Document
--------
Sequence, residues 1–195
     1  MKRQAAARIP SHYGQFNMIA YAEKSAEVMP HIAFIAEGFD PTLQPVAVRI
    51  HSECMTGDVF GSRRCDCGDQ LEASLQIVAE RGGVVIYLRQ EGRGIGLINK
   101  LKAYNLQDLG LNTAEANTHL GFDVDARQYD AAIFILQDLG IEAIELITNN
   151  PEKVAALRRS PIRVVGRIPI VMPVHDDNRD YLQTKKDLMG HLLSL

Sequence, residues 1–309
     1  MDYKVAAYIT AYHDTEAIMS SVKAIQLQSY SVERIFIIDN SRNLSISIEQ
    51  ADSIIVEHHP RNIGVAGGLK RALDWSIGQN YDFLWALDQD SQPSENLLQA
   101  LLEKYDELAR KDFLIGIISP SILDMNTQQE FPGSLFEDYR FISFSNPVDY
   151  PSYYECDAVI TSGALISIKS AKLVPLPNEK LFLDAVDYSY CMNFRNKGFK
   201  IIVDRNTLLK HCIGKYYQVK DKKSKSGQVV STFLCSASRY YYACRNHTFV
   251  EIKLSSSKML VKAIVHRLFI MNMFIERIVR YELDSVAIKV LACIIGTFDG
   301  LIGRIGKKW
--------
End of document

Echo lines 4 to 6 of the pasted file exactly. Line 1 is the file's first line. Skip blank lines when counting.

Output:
   101  LKAYNLQDLG LNTAEANTHL GFDVDARQYD AAIFILQDLG IEAIELITNN
   151  PEKVAALRRS PIRVVGRIPI VMPVHDDNRD YLQTKKDLMG HLLSL

Sequence, residues 1–309